Goodreads synopsis: Gretchen Rubin had an epiphany one rainy afternoon in the unlikeliest of places: a city bus. “The days are long, but the years are short,” she realized. “Time is passing, and I’m not focusing enough on the things that really matter.” In that moment, she decided to dedicate a year to her happiness project. In this lively and compelling account, Rubin chronicles her adventures during the twelve months she spent test-driving the wisdom of the ages, current scientific research, and lessons from popular culture about how to be happier. Among other things, she found that novelty and challenge are powerful sources of happiness; that money can help buy happiness, when spent wisely; that outer order contributes to inner calm; and that the very smallest of changes can make the biggest difference.
I know it sounds crazy, but it’s true–this is my third five star review in a row. I’ve been reading a lot of good crap lately.
I bought this book for my mom for her birthday a couple years ago. (I never buy people presents, but when I do, it’s a book.) She claims she read most of it, but I don’t believe her. Which is fine. Although, the cover is stained, so maybe she’s telling the truth. Anyway, I went down the shore with her this past weekend, and I was finished with my library book by Friday night, so I needed something else to read. I actually didn’t expect to finish this. I tend to be really annoyed by happy people (which I now feel really bad about), so I figured I would think Gretchen Rubin was just obnoxious. And I did, at first.
As Gretchen mentions a number of times, this book is not a cure for depression. That’s a whole different issue. This book is for ordinary people with no mental illnesses. (A.k.a. REALLY not me.) Gretchen is very clear about this, and I found myself laughing at her every time she gave a little blurb about how depression is a very serious mental illness and should seriously be taken very seriously!! Seriousness!! Thanks, Gretchen. I know. So I expected to find her advice to be super annoying and privileged, and some of it was (e.g. “Let yourself splurge a little!” and things like that). But some of it actually felt applicable to me. I can’t go to a gym five times a week or anything like that, but I can eat better. I can go for walks sometimes. I can try to be less critical of others.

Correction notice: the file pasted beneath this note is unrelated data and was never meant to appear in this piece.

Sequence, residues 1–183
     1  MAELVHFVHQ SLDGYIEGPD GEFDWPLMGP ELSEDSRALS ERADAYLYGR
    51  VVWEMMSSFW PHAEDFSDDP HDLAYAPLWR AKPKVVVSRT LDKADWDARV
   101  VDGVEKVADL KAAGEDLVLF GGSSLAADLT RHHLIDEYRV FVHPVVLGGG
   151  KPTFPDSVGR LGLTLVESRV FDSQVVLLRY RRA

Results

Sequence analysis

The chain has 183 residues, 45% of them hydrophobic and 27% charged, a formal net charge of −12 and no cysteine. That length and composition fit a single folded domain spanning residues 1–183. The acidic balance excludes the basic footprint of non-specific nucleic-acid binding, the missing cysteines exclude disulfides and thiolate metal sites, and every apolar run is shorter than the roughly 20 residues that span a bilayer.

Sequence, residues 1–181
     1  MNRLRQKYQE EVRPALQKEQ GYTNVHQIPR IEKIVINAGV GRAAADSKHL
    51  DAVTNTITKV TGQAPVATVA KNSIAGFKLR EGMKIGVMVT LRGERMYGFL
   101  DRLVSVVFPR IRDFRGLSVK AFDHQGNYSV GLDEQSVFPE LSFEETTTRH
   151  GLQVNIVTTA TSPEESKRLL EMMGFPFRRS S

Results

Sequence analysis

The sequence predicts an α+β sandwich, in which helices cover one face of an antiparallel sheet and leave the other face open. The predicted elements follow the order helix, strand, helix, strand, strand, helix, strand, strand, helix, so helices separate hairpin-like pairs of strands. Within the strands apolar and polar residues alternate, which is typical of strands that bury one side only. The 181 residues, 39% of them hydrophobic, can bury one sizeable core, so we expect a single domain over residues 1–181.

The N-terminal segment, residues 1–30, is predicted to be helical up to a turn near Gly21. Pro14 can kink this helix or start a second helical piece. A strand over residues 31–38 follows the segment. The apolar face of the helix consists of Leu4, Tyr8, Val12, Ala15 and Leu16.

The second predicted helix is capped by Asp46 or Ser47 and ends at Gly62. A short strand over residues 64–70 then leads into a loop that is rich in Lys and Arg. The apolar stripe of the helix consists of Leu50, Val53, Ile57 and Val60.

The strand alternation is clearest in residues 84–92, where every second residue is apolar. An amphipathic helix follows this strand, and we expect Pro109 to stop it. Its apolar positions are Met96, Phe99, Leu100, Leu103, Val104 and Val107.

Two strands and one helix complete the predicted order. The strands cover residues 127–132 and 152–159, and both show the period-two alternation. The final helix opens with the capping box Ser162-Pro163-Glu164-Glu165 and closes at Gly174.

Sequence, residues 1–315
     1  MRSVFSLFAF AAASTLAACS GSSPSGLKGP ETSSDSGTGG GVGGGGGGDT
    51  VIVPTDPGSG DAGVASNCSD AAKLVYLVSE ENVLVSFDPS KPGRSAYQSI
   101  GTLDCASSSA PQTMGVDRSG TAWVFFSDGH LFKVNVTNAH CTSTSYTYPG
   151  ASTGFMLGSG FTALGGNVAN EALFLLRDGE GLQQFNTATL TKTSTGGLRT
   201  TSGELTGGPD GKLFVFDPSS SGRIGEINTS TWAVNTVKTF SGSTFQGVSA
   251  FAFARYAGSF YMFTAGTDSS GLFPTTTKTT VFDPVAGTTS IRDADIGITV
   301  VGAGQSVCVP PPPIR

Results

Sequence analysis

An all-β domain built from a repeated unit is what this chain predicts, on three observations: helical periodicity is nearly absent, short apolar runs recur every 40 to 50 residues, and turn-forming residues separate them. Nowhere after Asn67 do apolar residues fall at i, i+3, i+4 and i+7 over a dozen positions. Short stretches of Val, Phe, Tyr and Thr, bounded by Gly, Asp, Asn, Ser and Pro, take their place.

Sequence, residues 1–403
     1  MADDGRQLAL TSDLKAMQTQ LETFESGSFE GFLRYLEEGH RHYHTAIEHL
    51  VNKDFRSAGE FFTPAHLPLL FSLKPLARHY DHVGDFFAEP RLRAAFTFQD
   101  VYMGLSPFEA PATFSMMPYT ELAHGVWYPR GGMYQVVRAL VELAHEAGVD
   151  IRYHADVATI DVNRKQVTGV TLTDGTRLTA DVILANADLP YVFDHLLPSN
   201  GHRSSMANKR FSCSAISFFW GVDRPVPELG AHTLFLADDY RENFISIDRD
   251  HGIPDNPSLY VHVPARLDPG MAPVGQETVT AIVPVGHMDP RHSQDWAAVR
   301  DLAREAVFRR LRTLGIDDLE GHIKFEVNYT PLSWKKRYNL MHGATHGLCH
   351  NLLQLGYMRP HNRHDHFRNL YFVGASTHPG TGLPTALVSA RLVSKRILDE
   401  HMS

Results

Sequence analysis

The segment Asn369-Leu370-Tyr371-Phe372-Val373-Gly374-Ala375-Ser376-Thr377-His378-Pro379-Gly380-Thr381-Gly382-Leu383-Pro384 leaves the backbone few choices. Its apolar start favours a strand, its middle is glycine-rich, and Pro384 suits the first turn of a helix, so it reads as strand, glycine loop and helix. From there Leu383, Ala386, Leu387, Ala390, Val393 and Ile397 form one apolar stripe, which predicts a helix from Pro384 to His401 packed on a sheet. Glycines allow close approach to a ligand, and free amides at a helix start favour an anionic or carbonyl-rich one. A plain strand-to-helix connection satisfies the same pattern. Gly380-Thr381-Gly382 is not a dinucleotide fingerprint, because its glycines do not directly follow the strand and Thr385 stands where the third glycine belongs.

Her section on marriage definitely bothered me at first. She wanted to stop nagging her husband. If she wanted something done, she was going to do it herself. I didn’t agree with that. Everyone has to chip in when it comes to chores. But Gretchen noticed that when she stopped nagging, her husband actually helped out more. I’ve been thinking about trying this, but honestly, if I stopped nagging my boyfriend, he would do nothing, I promise you. He would never pick his clothes up off the floor or take out the trash or water our plant. Ever. Still, I think it’d be an interesting experiment to try. I guess there’s like a 1% chance that he’ll surprise me. But I liked how whenever Gretchen did chores that she wanted her husband to do, she thought to herself, “I’m doing this for me, because it’s what I want.” Which is a good point, I guess, but I’m still trying to figure out if that whole thing is anti-feminist or not. I don’t believe in letting men get away with being lazy, but I do believe in doing things for yourself.
Gretchen writes often that she worried that writing a book about her personal happiness project and not about general happiness was selfish. I can totally understand where that worry comes from, but I hope she realizes now that the personal story is what makes this book work. First of all, we can’t trust her principles unless we can see them in action. Lead by example, right? And second, I found myself really caring about her outcomes. I wanted her kids to stop crying. I wanted her husband to be more thoughtful. I wanted to see her succeed. That’s why books have characters. We have to relate to a specific person, and then we can apply the general principle elsewhere. I was totally hooked on this book by the second chapter because I cared about Gretchen’s family, as normal and privileged as they are. That’s how I know this was written really well.
I honestly think that everyone would benefit from reading this. (I’ve been considering asking my boyfriend to read it, but I know he’ll flat out refuse.) I’m glad I
have a copy stole this from my mom, because I could see myself flipping through it a few more times.